If what Garafolo says is true, that L.P. Ladouceur does move the ball a lot on his snaps, then how come he hasn't been called for it before. Mike could be right in that he hasn't been called for this before because no one has ever jumped offsides when he moved before. Regardless, the call has me wondering one of two things as to why they called it all of a sudden. 1) Either the officials don't usually see the ball movement or 2) they don't care. And both leave me a bit frustrated.

If they don't typically see the ball movement, then that means they didn't see the movement on Sunday and relied on the movement of the interior defensive lineman jumping offsides to make the call. To me, that is a problem. The officials need to be the ones making the call in these situations, especially a game-tying field goal attempt where five yards can make a huge difference. A defender is always going to act like he got drawn offsides. It's the officials job to make that call. Not the defense's.

If they don't typically care what long snappers are doing with the football prior to the snap, then why did they call it this time? A long snapper, like a kicker and punter, has a routine they go through prior to the snap to get their mind and body right. There's zero chance after 14 years in a game-tying situation that L.P. Ladouceur changed his approach to snapping on this particular field goal try.

The NFL Officiating body of the NFL says what he did is a penalty. Ladouceur says that's how he's always snapped.

So it begs the question, "why now?"

If that's always been a penalty and he's always snapped it like that, why did they pick that time in that situation to make that call. It may have been the right call, but it was a ticky-tack call and it inserted the officials into the outcome of the football game. Yes, the Dallas Cowboys killed themselves with a lot of penalties in really bad situations on Sunday. Like the Connor Williams hold to negate the Cole Beasley first down reception prior to the Ryan Kerrigan strip of Dak Prescott that led to a touchdown. However, you never want a penalty to decide a game.

On Sunday, the officiating crew asserted themselves to call a penalty on a play they either didn't see or didn't care about in L.P. Ladouceur's 14 year career to date. And while, Maher still could have -- and should have -- made that kick, there's no denying that the penalty had an impact on the game.

You never want to point to officiating as the reason your team loses a game, because there are always calls that go against either team that you could argue were bad calls. Unfortunately, this bad call pushed Brett Maher's field goal attempt back five yards, which had a direct impact on the game.

It may have been a penalty, it was a weak call at a really bad time for the Dallas Cowboys. With only nine games remaining in the 2018 NFL season, that call certainly hurt their chances of making the playoffs.

It's just another in a long line of officiating decisions that has hurt the Dallas Cowboys and that act is getting old.

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Game Notes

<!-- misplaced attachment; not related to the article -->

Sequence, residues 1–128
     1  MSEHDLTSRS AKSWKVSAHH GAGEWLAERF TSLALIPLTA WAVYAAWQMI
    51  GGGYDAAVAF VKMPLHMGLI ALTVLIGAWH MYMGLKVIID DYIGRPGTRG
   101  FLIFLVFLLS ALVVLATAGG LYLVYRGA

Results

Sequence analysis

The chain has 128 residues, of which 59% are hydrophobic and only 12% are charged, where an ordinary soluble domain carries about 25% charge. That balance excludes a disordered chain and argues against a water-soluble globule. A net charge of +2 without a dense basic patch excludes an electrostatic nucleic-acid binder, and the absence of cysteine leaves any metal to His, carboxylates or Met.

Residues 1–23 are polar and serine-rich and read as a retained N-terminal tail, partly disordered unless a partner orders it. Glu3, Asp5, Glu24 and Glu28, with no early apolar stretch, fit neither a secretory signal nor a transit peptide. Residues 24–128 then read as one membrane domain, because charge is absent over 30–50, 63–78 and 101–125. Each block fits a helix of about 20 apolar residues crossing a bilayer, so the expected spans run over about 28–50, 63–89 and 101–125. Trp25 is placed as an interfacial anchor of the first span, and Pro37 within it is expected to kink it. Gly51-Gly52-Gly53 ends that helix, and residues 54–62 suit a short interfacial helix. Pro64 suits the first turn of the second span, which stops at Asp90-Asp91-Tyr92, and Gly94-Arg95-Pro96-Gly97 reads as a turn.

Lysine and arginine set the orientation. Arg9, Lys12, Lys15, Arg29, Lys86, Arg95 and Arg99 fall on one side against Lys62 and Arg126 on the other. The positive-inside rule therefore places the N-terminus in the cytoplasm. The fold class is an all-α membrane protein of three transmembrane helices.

3 Stars from Cowboys Loss to the Redskins

John Williams



Cowboys Roster: Dallas Made Right Decisions on Unproven Skill Players

Loss. Win. Loss. Win. Loss. Win. Loss. That's where we stand after seven games with the Dallas Cowboys alternating home wins and road losses and through nearly half the schedule en route to their 3-4 record.

It was a disappointing loss after a defensive effort that held the Washington Redskins to 13 points on the day. The offense had some good moments, but the road inconsistency and penalties killed throughout the NFC East matchup. The Dallas Cowboys playoff chances took a substantial hit with the loss. With only nine games left in the season, the Cowboys are probably going to have to go 7-2 to make the playoffs.

It's not impossible they could get on a run, but it certainly looks bleak.

Before we move forward, let's look back and highlight this week's 3 Stars of the game.

First Star

Ryan Kerrigan, Washington Redskins

There were several players that gave the Dallas Cowboys offensive line fits on Sunday, but Ryan Kerrigan's strip-sack of Dak Prescott in the fourth quarter was the difference in the football game.

The Cowboys were trailing by three and after being backed up because of a holding penalty on Cowboys' Left Guard Connor Williams. Dallas was facing a 3rd and 14 at their own 10 yard line. Dak Prescott had good initial protection, but held the ball too long allowing Kerrigan to get to him, strip the ball, and Preston Smith recovered in the end zone to put the Redskins up by 10 with less than five minutes to play.

Kerrigan finished the game with five tackles (4 solo), two sacks, one tackle for loss, a pass deflection, the forced fumble, and two quarterback hits. It was a strong day for one of the longtime Redskins greats.

Second Star

Adrian Peterson, Washington Redskins

The Washington Redskins didn't really have a lot of offensive weapons at their disposal aside from Tight End Jordan Reed and Running Back Adrian Peterson. Adrian Peterson had a good game against a stout Dallas Cowboys run defense, which kept the Cowboys defense off-balance most of the afternoon.

His 22 carries for 99 yards may not be the best game ever, but his ability to hit some big runs early and run with consistency early in the game put the Redskins ahead of the chains. On a day when the Redskins were down three of the top four receiving targets, Peterson needed to be effective for Washington to have a chance. He was a big reason the Redskins put up the 13 points on offense that they did.